Regenstrief Scientist Helping Lead $21M Study

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(Image courtesy of IUPUI) (Image courtesy of IUPUI)

A research scientist with the Regenstrief Institute in Indianapolis and the U.S Department of Veterans Affairs has been chosen to co-lead a national study to find a way to manage chronic lower back pain. The Department of Veterans Affairs is funding the $21 million, 20-site trial. Dr. Matthew Bair is leading the study with Dr. David Clark, who works from the VA Palo Alto Health Care System and Stanford University. 

The National Institute of Neurological Disorders and Stroke reports 80 percent of adults experience lower back pain at some point in their lives, which makes it the most disabling chronic condition in the world. Researchers say about 20 percent of those affected by acute low back pain develop pain that lasts 12 weeks or more, which is classified as chronic low back pain, which is difficult to treat. 

“We have an amazing opportunity to hopefully make a very large impact with this trial,” Dr. Bair said. “We believe this study could have greater implications for the treatment of chronic lower back pain in the general population.”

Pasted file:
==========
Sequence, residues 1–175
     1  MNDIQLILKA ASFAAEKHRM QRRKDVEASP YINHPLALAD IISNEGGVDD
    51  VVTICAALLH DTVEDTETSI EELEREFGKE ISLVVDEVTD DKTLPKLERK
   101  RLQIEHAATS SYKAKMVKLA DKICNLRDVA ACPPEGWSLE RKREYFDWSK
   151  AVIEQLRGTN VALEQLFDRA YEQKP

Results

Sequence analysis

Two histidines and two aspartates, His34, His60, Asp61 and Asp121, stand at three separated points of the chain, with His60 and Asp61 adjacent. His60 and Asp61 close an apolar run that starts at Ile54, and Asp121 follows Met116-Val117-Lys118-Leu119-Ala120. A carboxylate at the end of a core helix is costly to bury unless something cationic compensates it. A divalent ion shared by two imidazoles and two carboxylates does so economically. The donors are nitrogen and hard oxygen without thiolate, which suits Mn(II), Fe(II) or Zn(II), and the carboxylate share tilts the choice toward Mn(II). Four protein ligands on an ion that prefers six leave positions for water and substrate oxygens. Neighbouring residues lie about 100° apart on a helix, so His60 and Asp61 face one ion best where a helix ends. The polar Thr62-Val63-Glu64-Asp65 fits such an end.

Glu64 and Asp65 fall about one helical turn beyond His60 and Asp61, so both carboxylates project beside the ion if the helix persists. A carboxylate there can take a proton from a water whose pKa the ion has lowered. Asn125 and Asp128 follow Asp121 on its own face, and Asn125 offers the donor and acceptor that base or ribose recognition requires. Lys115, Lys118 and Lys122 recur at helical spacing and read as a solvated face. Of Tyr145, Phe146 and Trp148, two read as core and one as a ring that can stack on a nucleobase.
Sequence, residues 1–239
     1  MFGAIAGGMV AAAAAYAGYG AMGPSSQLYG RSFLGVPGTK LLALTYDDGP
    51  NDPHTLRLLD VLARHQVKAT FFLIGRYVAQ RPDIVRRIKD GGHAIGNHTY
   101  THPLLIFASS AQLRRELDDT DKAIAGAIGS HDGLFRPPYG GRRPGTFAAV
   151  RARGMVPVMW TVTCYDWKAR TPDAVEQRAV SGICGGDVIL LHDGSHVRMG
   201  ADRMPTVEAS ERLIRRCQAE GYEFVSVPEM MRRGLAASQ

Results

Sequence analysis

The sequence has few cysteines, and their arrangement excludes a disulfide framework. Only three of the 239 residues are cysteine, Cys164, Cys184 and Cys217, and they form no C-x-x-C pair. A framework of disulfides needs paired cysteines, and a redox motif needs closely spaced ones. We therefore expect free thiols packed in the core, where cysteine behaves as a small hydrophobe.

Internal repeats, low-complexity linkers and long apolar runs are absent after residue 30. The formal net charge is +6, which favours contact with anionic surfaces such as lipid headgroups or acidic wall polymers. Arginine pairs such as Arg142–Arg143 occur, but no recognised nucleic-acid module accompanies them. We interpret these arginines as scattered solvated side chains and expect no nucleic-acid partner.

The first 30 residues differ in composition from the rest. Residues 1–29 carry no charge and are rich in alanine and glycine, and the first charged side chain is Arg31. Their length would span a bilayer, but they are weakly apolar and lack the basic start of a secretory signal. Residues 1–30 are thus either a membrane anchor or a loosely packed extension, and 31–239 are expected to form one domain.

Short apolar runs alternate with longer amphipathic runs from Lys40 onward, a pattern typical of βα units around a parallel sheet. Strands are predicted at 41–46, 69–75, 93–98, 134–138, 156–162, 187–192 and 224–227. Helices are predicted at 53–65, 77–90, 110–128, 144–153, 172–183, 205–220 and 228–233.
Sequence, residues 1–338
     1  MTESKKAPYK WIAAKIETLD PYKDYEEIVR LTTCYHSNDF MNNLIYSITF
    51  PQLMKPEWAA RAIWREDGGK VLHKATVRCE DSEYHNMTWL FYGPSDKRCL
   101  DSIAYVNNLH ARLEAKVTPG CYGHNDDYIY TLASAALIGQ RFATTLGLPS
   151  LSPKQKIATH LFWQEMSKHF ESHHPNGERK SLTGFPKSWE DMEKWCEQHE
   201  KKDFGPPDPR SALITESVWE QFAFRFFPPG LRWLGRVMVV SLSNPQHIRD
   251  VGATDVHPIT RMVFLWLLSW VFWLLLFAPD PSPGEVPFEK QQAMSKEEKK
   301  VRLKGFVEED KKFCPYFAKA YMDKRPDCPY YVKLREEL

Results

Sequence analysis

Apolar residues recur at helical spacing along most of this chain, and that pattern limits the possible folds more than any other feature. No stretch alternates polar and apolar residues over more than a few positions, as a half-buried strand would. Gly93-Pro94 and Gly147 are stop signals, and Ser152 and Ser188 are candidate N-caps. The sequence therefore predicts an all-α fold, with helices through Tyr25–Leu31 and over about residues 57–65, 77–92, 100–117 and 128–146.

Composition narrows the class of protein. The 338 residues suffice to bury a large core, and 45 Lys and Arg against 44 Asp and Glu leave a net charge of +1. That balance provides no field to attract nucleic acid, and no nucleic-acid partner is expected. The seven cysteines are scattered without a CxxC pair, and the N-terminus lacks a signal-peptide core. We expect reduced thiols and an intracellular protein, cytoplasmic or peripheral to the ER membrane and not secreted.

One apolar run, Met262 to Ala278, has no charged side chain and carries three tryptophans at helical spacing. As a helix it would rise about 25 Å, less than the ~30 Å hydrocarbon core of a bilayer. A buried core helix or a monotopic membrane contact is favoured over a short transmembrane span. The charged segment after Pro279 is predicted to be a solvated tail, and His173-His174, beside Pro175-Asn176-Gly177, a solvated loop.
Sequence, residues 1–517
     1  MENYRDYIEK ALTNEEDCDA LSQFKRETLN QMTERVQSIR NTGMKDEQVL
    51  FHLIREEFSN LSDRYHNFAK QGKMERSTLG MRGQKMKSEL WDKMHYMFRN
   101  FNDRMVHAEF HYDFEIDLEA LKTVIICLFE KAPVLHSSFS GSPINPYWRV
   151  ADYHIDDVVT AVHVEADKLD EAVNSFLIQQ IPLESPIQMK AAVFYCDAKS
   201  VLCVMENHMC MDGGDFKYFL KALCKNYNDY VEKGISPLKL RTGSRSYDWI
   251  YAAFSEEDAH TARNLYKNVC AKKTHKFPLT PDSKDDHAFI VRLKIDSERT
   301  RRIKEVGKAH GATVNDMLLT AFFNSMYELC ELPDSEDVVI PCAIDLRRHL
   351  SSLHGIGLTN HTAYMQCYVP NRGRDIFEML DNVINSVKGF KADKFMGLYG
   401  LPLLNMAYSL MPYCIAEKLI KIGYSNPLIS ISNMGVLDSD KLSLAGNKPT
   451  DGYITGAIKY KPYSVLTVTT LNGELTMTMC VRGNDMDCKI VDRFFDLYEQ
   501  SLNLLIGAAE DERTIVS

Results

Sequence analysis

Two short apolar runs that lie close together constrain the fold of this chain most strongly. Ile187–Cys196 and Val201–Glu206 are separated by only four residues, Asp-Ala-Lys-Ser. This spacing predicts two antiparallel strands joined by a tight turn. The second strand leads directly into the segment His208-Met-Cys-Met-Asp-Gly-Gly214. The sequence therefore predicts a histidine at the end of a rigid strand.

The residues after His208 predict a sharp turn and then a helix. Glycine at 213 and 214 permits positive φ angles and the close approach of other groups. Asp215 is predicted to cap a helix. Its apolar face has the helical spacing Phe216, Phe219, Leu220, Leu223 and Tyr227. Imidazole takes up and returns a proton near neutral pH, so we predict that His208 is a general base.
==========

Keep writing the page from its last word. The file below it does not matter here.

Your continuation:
The study is called the Sequential and Comparative Evaluation of Pain Treatment Effectiveness Response (SCEPTER) trial, which is designed in two steps, to first randomly divide participants among three different treatments. Some will be assigned to a web-based program of self management, while others will be involved with physical therapist-led exercise programs and face-to-face appointments. The third group will receive the usual care for lower back pain, which includes ice/heat, rest and pain medication. Step two of the trial will compare yoga, chiropractic care and cognitive behavioral therapy where participants will be given the option to undergo a random therapy again, or allowed to opt out to be randomized in the other two groups. 

“This study is unique because it incorporates patient preferences,” said Dr. Bair. “We feel that patient preferences do predict treatment response, so patients are more likely to benefit from a treatment they prefer than one they don’t.” 

The six-year trial will include over 2,500 veterans at 20 sites. Funding was provided by the VA Cooperative Studies Program. 

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